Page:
FAO in Pakistan

Climbing out of Debts, with FAO's Support

Support for the recovery of agriculture based livelihoods of vulnerable farmers affected by 2012 floods of Sindh and Balochistan Provinces in Pakistan (OSRO/PAK/304/UK)

“I am so grateful for FAO assistance. It allowed me to cultivate my fields and saved me from an unbearable financial burden,” says Shakal Khan, one of the 12,000 beneficiaries of the FAO project which provided support to flood-affected vulnerable farmers in Kashmore and Jacobabad districts of Sindh and Jaffarabad District of Baluchistan. The project was implemented by FAO local partner, ACTED NGO and funded by DFID.

Shakal lives in Kajli Union Council, Kashmore District of Sindh Province with his wife, daughter and five sons, one of whom is physically disabled. Just as his forefathers have done before him, Shakal has been earning a living by growing wheat on a plot of land he rents from a local land owner. Despite his back-breaking work, the money was always short.

Life took a turn for the worse when the village got hit by the floods. The fields remained submerged under water for months, and most of Shakal’s rice crop perished. The harvest was so small that after paying the men who helped to cut the rice, Shakal had no money left for anything else. “The damage to my crops hit me both financially and emotionally,” says Shakal. “I had bought the seeds on credit, but because of the low yield, I had no money to repay it.”

Shakal’s worries grew even bigger with the approach of winter: He had no money to buy seeds for the winter planting season (locally called Rabi). “I did not dare to ask the shopkeeper for more credit,” says Shakal.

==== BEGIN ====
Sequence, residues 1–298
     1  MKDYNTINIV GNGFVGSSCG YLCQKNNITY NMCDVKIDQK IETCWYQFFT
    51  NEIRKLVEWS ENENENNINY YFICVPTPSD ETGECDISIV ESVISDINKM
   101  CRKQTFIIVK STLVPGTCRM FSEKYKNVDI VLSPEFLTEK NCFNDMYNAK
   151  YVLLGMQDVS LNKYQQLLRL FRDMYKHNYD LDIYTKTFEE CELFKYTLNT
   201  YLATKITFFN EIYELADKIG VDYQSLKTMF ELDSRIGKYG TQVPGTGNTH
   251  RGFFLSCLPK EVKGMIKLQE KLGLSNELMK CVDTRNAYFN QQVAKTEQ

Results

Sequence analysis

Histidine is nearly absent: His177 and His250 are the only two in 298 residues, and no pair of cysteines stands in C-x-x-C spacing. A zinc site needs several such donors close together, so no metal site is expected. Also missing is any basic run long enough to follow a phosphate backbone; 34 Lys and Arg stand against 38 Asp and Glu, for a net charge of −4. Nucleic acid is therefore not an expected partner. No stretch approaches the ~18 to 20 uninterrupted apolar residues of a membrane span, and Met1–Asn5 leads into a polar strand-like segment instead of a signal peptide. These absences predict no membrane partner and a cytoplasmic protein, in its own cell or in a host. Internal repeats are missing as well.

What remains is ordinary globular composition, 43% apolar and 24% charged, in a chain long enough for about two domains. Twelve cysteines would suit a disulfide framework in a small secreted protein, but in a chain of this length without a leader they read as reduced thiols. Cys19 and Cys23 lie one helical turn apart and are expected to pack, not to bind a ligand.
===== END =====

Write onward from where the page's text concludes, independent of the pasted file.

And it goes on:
A small hope was ignited when Shakal heard that some humanitarian agencies were assisting poor farmers with agricultural inputs in his area. Yet Shakal feared that support would not reach people like him.

To his relief, Shakal was selected to receive assistance under a FAO project which was providing support to flood-affected vulnerable farmers in Sindh and Baluchistan. “Contrary to my fears, not only did I receive seeds and fertilizer for the Rabi planting season, but the project team treated me with respect,” says Shakal.

Shakal received from FAO 50 kilograms of wheat seed and 100 kilograms of fertilizer (50 kilograms of DAP and 50 kilograms of Urea) for a one-acre plot of land. To make sure that the family has enough food on their tables until the harvest comes, FAO provided the farmer with 0.5 kilogram of vegetable seeds for kitchen gardening. Shakeel and other farmers were also taught how to plant and manage their crops to maximize yields.

In late spring, FAO assistance finally brought fruit: Shakal harvested 1,800 kilograms of wheat from the FAO-sponsored seed.  Shakal gave half of the harvest to his landlord in lieu of payment for the land, put some of the wheat aside for food as well as for next year’s planting season. The rest was sold and earned PKR27,000 for Shakal’s family. “First of all, I used this money to return my debts,” says Shakal hoping that he would never have to purchase anything on credit. “FAO not only helped me in the hour of need, but gave me skills to earn more income for the years to come,” says Shakal.